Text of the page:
Monday, April 9, 2018

What's silently killing men....because they won't talk about it

If you ever need to mainline a 100% shot of straight awesome, then I urge you to go watch that split second win the U.S. swim team pulled off against France in the Olympics a few years ago.  It's one of those moments that defy words.  Well, it defies a sentence of words.  It's a sports moment that cause us to shout out repetitive phrases in jubilant abundance.  Like "Oh my God!"  "Did you see that!"  "I can't believe it!"  "Wow!"

It's one of those moments.

On a much smaller scale, many of us get to experience these moments first hand.  A moment in our life that truly sits at the precipice of achievement.  It's the culmination of hard work, perseverance, and white knuckling through repeated bouts of oscillating between quitting and finding the desire to keep grinding.  Like that time I had to carve out a sailboat for Boy Scouts and had to race my sailboat against all the other scout clans in the local area.  I beat all of them.  You blew on the sail to move your boat down the trough.  And I destroyed all.  Because I blew harder than all of them.  Got my blue ribbon for being the biggest blow hard of the whole area.

I'm sure what I felt on that day wasn't dissimilar to what Michael Phelps felt as he realized he was about to get yet another gold medal in the Olympics.  Blue ribbon in Boy Scouts, gold medal in the Olympics.  Same shit.

As men, we live for those moments.  Declarations of achievement that we get to boast about to one another to set the pecking order.  Can you imagine being in a room with Michael Phelps trying to talk about that time you scored three touchdowns in high school to help your team overcome a halftime deficit?

"That's cool, man.  This one time in the Olympics..."

Well played, Phelps.  Well played.

As men, we find a great deal of our identity in achievement.  The greater the achievement, the more manly we are.  So a man such as Michael Phelps, who has a zillion gold medals, a fat bank account, the love and adoration of millions worldwide, has to be to men what the Grand Canyon is to ditches.  Surely he has to be filled with confidence each and every day that is unparalleled to what the high school football star or Boy Scout sail boat champ could ever know about.

Yet recently, Phelps came out about the many bouts of severe depression that he had struggled through.  To the degree that he worried about his own safety.  How could that even happen?  How could an ultimate man-bro such as Phelps, find anything to be depressed about?

The problem lies, for many men, in that the very thing that catapults them into those moments of exhilaration, is the very thing that sends them into the pits of despair.   The loss of self due to identification in what we do, and what we achieve.  When what we do becomes who we are, then all the moments that exist in between, life can become very empty.

Phelps talked about the great periods of depression between the Olympics.  And how he self medicated in order to cope in any way he could.  Eventually, coping through smoking weed or alcohol in order to numb down the pain just wasn't cutting it.  What saved him took more strength than swimming laps in a pool faster than anyone else alive.  And that was, being vulnerable and open about the very fact that he was depressed, and had contemplated suicide.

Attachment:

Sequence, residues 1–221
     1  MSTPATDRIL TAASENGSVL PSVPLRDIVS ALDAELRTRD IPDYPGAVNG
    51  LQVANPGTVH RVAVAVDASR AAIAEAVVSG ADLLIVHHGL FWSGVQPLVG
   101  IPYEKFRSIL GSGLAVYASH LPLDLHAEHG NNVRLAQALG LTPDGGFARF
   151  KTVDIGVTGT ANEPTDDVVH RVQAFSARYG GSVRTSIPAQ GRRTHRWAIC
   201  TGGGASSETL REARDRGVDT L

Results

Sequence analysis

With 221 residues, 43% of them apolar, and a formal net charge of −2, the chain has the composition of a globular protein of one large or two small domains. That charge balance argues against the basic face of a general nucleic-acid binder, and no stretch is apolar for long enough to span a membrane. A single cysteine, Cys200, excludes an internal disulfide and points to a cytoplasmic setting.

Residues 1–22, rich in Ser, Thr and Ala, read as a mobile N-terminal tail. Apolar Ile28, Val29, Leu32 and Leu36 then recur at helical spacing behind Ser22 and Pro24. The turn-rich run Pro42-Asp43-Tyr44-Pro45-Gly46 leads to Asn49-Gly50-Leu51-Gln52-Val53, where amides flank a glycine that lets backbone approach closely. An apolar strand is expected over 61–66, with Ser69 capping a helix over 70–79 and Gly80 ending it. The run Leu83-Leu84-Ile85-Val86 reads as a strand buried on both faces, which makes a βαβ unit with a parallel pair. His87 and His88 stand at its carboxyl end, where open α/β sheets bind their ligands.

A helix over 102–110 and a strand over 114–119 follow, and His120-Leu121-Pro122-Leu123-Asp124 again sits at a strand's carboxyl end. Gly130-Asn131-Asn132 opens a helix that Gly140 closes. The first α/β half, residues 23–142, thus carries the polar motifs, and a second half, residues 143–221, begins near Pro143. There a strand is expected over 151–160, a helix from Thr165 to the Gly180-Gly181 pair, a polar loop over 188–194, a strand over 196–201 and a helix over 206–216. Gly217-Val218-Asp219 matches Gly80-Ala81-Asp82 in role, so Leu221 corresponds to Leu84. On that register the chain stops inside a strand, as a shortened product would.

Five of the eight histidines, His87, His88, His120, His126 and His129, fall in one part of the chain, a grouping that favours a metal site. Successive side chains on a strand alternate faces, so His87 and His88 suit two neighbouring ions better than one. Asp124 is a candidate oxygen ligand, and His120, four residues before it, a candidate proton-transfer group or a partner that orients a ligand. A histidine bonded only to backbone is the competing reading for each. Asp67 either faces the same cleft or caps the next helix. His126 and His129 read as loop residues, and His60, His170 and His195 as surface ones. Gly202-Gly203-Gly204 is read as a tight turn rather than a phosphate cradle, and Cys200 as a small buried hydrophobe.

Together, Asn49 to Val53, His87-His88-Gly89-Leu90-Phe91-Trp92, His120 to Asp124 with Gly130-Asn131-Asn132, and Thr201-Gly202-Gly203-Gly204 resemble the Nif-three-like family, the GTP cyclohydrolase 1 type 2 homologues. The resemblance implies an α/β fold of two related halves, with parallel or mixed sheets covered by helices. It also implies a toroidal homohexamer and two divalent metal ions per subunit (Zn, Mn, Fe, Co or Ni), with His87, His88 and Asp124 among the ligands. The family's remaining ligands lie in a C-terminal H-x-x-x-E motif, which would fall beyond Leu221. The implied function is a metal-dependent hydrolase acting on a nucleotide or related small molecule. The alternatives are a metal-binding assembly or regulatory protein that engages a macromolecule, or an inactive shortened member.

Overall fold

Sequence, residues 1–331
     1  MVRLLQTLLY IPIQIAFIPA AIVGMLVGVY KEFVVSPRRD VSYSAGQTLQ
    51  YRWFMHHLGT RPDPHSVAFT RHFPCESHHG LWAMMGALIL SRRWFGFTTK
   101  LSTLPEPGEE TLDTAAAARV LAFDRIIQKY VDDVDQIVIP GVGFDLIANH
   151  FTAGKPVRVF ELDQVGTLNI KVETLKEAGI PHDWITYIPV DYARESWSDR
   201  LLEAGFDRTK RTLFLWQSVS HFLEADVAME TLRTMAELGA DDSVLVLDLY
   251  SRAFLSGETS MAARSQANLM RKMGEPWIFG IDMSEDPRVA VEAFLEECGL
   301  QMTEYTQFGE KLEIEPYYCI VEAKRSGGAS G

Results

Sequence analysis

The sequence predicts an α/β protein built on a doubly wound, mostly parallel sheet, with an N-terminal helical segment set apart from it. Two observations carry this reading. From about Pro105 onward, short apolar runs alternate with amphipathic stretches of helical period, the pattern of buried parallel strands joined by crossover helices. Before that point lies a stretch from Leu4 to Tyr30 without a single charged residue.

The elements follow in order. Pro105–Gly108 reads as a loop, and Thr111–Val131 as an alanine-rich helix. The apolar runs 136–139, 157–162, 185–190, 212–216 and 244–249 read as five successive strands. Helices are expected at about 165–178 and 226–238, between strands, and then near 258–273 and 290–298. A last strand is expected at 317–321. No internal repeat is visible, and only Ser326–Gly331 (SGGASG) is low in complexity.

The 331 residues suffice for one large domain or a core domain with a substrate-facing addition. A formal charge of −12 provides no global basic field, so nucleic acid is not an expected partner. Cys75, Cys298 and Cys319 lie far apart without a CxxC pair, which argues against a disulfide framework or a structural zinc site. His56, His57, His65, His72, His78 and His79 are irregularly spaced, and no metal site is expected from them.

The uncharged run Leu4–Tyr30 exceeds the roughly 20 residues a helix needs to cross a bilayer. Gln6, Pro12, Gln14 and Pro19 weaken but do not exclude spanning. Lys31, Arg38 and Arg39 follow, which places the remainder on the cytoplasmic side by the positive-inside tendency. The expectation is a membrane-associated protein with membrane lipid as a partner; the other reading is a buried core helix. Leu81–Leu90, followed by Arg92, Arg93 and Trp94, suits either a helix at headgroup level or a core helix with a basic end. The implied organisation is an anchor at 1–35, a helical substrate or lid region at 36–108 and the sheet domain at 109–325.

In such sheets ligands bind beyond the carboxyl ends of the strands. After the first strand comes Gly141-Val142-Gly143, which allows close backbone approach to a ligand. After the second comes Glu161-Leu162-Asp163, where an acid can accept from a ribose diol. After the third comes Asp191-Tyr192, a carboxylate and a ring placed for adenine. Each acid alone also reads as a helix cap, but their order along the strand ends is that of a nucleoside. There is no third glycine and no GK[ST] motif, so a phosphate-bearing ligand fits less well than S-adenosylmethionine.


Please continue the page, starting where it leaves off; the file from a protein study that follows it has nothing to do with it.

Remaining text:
Depression and achievement - 

Let me spell this out for you in case it's hard to understand.  Achievement will not save you from the droves of depression.  If Phelps story doesn't punch you straight in the face about that, then you're fooling yourself.

You broke a world record in powerlifting.  Big deal.  He won a zillion gold medals against the most elite athletes in the world.  You can never know that level of achievement.  Yet he wasn't immune to feeling so overcome with depression, loneliness, and isolation that he almost ended his life.

When I was powerlifting, I got caught up in the same achievement based value system.  Constantly comparing my lifts to someone better.  Eventually, a huge sense of my self worth was derived by what I could lift.  This was affirmed to me by the internet and people with huge followings that never recognized my lifting.  Why would they?  I wasn't breaking world records.  Lost on me was that I allowed them to dictate how I felt about myself.  How I felt about myself was dictated through pounds on the bar. Let me state that in retrospect, I can't believe just how shallow and stupid that is.

Lost in this game of personal comparison was my joy.

Eventually I didn't enjoy training or competing because it was always about the numbers.  My sense of self worth was up or down, all depending on how my lifts were going, or how I performed in a meet.

When you attach your happiness to obtaining something, then once it's attained, you'll realize that the happiness attached to that becomes very fleeting.  From there we often set off on another road of goal attainment, once again believing that achievement is what will make us feel better about who we are.  But it won't sustain us.  It never does.  That road is paved with discontent and the reminder that we're so terribly unhappy because we don't have something.  Our identity ends up being what we do.  And when we're admired for what we do, then no one really loves us for who we are.  That's the story we will tell ourselves whether we openly acknowledge it or not.  Even worse, we don't come to love and appreciate ourselves for who we are.